What The Fyre Festival Taught us About Influencer Marketing

Unless you were living under a rock, April 2017 likely found you transfixed to your computer screen as complaints and updates poured out of Great Exuma Island in the Bahamas. The source of the unrest? The now infamous Fyre Festival. The music festival, brazenly promoted across social media by top tier influencers such as Kendall Jenner and Bella Hadid, was meant to be a luxury affair promoting the Fyre music app. When patrons arrived, however, they were greeted with disaster relief tents as housing and no-show musical guests, among countless other issues. The entire event was postponed indefinitely after the first day, and multiple lawsuits were filed against the organizers and other involved parties.

Now the doomed festival is back in the spotlight, thanks to competing documentaries from Hulu and Netflix that seek to delve further into how the event managed to fall so short of its promises. But while gearing up to relive the madness, we want to take a look at arguably the only successful part of Fyre Fest: the marketing. Though debatably disingenuous, the influencer approach to Fyres promotion was one of the most successful of its kind to date. At the activation’s conclusion people were so eager to be involved, they shelled out thousands of dollars on festival tickets and airfare. Below, we discuss what can be learned from Fyre Fests hits and misses.


Wrong Place, Wrong Time

Fyre Festival was marketed as a luxury music event spanning multiple days and locations on its Bahamian site. The musical lineup was set to include Blink -182, Migos, Disclosure, and more. The festival itself was conceptualized by musician Ja Rule and Fyre Media founder and CEO Billy McFarland, after they landed on the island during a flying lesson. Unfortunately, picking Great Exuma as the site marked the beginning of a string of poor decisions for the cofounders, as they failed to account for the islands lack of infrastructure (in consideration of a crowd as large as that projected for the festival). So, while the influencer-heavy marketing strategy was successful, it was potentially stunted by being built around a flimsy foundation. No matter how successful a campaign, it’s only as good as it’s deliverables.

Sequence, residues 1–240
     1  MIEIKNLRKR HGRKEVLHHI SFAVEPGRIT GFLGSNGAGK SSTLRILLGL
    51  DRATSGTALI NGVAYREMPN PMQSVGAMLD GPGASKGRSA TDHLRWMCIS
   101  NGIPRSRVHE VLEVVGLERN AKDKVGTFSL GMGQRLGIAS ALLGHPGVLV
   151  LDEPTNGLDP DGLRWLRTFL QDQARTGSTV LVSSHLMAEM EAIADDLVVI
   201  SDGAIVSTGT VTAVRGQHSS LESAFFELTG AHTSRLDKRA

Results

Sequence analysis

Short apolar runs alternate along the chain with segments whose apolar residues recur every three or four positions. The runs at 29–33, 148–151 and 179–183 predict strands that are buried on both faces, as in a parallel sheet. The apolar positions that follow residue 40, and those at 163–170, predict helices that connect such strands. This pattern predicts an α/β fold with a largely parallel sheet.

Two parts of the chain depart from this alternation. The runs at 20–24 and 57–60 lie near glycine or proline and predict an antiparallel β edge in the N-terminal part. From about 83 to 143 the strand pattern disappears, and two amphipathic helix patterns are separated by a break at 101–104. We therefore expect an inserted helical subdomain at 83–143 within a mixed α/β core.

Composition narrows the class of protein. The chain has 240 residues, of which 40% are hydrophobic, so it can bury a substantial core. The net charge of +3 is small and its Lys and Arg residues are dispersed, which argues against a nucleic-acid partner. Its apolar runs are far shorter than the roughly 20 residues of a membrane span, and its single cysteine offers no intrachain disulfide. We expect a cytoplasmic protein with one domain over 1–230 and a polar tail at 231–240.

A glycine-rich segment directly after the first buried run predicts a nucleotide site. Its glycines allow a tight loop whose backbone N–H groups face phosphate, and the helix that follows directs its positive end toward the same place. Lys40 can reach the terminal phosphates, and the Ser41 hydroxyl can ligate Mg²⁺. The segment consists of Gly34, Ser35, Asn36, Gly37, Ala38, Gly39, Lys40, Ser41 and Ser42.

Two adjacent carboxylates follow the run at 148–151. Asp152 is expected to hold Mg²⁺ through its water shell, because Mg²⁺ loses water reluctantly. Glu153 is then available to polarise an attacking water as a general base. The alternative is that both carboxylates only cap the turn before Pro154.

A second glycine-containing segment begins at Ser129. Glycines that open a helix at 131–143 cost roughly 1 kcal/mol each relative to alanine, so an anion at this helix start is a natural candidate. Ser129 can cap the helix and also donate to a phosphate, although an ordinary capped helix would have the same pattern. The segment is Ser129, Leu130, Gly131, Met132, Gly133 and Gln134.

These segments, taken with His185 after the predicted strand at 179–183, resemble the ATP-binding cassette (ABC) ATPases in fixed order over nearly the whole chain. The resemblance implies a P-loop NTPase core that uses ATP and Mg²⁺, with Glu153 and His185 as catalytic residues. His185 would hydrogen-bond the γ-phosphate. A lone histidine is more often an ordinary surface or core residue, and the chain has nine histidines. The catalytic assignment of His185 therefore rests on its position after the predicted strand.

The Hype to end all Hype

Despite the initial planning faux pas, Fyre Fest went above and beyond in one area-getting people excited. Given that it was the fests inaugural year, lower attendance was to be expected. Instead, organizers reached thousands of individuals willing to pay the steep price of admission (with premium packages going for as much as 250K USD). It’s safe to say that this was due in large part to their aggressive influencer campaign. Partnering with big name celebrities, models, and social influencers alike, news of the festival spread like its namesake, with tickets selling in record time. The resounding success is further testament to the power of influencer collaboration.

While festival organizers invested in more traditional means of marketing as well, the efforts were effectively drowned out by the sheer volume of their influencers posts and reposts. The activation saw hundreds of influencer profiles emblazoned with the festival’s branded orange square, kicking off a hype train that arguably didn’t slow down until the first day of the event itself. In the case of Fyre Fest, the marketing was on point, it was the product that failed.


Celebrating too Soon

Unfortunately, the triumph of Fyre’s marketing campaign was short lived. The broad range of influencer promotion meant that when the festival crashed, it did so very publicly. Thanks to social media, tales of the festivals nightmarish conditions traveled with a speed almost rivaling that of the initial marketing push. It’s a not-unrelated lesson in the power of social media sharing-customers can be your best asset or biggest downfall. To that end, when your collaborators following is displeased, the influencer in question loses their guise of authenticity.  The solution? Deliver an airtight product.

In the end, Fyre Festival is now known for everything it failed to deliver. As of the streaming documentaries released last month, Bella Hadid is the only influencer involved who has stepped forward to apologize, Ja Rule remains defensive across social media, and co-founder Billy McFarland is serving jail time for fraud related to the event. There are many lessons to be learned in examining everything they did wrong, but for our purposes, it may be more useful to focus on the marketing that they got so right.